Since Augustine wrote at the end of Antiquity, the first true flowering of political philosophy in the Middle Ages can be said to have occurred within Islam, and especially in the thought of Alfarabi (ca. 870-950). This towering figure was born in what is today Kazakhstan but worked especially in Baghdad, where he founded a famous school of philosophy. Alfarabi wrote in Arabic and came to be called “the second master” after Aristotle. Alfarabi also knew Plato’s political philosophy and was perhaps even more influenced by Plato’s Republic and Laws than by Aristotle’s Nicomachean Ethics and Politics.
If Alfarabi is predominant within Islamic medieval political philosophy, Moses Maimonides (Rabbi Moshe ben Maimon; ca. 1137-1204) is at least equally predominant within Jewish medieval political philosophy. Maimonides was born in Cordova but was forced to wander for much of his life. After visiting Jerusalem, he eventually was able to settle in Cairo. His early teachers were Islamic philosophers, and his political thought was especially influenced by the philosophy of Alfarabi. His most famous work, the Guide of the Perplexed, was written in Judeo-Arabic, which can be described as Arabic written with Hebrew characters. The book was subsequently translated into Hebrew and Latin.
Not surprisingly, Foley Center’s holdings in Arabic medieval political philosophy are far less developed than in Latin medieval political philosophy. Nevertheless, the stacks contain an Arabic text of Alfarabi’s Virtuous City that came into the collection of Foley Center through St. Michael’s Institute, the former scholasticate of the Society of Jesus located in Spokane. This Arabic text was published by the accomplished German Arabic scholar Dieterici.
On display here is the standard edition of Maimonides’ monumental Guide of the Perplexed in use by scholars today. It is written in Judeo-Arabic, which can be described, loosely, as Arabic written with Hebrew characters. The volume is on loan from the University of Washington.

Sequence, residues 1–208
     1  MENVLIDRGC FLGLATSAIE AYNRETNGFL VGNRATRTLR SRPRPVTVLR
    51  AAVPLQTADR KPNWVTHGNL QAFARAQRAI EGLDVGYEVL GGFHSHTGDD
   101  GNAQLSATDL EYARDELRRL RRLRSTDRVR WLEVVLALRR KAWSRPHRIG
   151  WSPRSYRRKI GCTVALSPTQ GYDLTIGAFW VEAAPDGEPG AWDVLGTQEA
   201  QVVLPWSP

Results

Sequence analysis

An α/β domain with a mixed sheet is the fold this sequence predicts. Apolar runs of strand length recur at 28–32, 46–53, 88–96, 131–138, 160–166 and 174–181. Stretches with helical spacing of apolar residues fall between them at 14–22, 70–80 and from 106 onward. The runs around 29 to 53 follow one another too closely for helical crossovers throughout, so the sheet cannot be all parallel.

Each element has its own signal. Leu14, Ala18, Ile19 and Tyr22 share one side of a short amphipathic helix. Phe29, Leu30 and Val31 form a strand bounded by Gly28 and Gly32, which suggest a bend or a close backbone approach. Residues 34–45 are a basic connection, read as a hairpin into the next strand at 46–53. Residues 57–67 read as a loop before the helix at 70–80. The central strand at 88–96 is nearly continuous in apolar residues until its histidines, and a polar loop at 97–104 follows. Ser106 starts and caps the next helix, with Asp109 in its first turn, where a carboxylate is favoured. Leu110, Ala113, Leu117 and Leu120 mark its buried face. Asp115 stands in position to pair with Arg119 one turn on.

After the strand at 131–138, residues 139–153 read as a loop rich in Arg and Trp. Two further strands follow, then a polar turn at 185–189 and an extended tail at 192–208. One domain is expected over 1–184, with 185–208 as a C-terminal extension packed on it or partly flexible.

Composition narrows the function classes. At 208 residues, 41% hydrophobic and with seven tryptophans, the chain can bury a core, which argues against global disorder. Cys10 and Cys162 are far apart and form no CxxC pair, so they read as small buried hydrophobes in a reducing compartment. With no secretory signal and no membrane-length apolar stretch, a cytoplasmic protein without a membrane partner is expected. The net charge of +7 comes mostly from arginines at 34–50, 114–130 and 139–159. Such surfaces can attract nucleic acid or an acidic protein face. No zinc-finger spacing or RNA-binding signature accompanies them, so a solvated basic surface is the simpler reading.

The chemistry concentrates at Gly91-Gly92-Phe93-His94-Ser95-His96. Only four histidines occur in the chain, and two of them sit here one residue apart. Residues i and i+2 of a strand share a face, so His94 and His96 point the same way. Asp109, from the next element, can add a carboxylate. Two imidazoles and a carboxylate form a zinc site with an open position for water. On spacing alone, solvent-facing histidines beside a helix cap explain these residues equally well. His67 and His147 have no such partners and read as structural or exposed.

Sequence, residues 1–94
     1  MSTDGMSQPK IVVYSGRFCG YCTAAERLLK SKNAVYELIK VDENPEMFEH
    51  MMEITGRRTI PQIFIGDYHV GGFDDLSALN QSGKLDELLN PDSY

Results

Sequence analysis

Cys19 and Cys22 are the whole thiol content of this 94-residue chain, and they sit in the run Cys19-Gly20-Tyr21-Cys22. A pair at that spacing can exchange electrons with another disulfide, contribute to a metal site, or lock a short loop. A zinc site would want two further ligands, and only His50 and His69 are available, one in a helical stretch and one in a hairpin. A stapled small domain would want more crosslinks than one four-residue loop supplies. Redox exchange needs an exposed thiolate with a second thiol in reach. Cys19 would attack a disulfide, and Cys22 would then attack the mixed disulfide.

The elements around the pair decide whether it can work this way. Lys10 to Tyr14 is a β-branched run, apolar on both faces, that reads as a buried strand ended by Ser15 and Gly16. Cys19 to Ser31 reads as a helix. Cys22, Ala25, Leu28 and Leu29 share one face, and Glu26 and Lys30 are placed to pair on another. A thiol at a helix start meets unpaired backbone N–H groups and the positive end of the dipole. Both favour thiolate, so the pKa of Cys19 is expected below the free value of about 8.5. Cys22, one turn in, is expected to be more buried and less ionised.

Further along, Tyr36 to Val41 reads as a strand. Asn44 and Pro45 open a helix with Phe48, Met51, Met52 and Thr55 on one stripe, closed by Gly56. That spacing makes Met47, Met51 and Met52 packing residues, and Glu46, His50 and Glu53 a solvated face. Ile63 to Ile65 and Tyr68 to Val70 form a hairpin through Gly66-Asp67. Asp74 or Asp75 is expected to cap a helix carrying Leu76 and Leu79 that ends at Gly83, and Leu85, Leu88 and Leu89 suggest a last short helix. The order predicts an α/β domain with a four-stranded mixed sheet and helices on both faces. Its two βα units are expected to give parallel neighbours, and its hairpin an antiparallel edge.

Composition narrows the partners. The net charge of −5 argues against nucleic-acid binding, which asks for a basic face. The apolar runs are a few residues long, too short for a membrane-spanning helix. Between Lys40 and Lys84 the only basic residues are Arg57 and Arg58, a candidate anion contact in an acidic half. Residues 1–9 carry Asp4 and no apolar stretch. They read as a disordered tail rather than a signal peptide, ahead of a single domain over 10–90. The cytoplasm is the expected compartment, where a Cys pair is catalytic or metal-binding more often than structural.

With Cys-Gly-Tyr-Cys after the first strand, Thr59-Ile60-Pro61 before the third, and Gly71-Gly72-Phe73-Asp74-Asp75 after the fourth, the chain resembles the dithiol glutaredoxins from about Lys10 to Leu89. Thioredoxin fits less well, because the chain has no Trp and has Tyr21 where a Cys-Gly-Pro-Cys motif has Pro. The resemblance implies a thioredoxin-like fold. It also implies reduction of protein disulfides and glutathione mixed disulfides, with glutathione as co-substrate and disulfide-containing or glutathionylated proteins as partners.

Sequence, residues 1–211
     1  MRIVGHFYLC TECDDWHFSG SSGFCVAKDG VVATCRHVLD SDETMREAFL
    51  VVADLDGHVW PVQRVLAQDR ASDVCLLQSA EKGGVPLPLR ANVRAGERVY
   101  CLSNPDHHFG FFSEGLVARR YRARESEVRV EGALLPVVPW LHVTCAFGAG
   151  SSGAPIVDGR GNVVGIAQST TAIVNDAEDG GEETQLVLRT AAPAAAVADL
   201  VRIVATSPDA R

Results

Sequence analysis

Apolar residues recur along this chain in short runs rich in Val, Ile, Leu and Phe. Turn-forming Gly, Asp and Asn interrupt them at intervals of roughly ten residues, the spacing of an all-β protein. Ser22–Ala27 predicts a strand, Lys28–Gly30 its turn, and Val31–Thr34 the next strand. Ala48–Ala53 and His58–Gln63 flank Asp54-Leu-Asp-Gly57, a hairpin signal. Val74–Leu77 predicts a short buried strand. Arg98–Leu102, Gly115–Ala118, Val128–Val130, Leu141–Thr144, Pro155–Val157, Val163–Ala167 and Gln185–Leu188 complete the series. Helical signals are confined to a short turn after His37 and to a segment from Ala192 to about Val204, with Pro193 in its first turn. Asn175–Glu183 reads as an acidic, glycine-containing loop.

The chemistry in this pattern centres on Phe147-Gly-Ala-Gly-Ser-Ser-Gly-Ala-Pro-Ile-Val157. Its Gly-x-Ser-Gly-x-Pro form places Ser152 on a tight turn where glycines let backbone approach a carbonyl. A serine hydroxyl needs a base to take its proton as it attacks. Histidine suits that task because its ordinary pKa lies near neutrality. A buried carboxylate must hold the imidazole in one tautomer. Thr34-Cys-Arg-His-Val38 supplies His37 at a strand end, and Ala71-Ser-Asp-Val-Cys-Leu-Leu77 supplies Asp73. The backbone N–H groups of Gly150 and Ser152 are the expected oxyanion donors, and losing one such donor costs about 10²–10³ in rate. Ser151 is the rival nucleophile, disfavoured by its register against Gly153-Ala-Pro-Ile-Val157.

Item 16: The theologian Alghazali initiated the dispute with his On the Incoherence of the Philosophers.
Item 17: The philosopher Averroës responded with his On the Incoherence of the Incoherence.
Item 18: On display here is a fine contemporary edition of Alghazali, with the Arabic text and an English translation printed on opposing pages.
The most influential theologian in the history of Islam is, arguably, Alghazali (1058-1111), who was born in Persia but lived much of his life in Baghdad. A most prodigious author, Alghazali wrote a book titled The Incoherence of the Philosophers, which was critical of philosophy generally, including political philosophy. The philosopher Averroës (Ibn Rushd; 1126-1198), who was a contemporary of Maimonides and also born in Cordova but who worked especially at Marrakesh, responded to Alghazali with a work titled On the Incoherence of the Incoherence.
On display here are copies of both Arabic books published in Beirut in 1927 and 1930 by the French-speaking Jesuit Maurice Bouyges at the press Imprimerie Catholique—a Catholic press that was important for making Arabic works available in published form. These two books somehow came into the possession of the library at the Jesuit scholasticate in Spokane and then later came to Foley Center. Bouyges’s edition of The Incoherence of the Philosophers is still the definitive Arabic text, and the University of Brigham Young Press, in its Islamic Translation Series, has recently republished his Arabic text with an English translation on facing pages. Foley Center has recently acquired this work.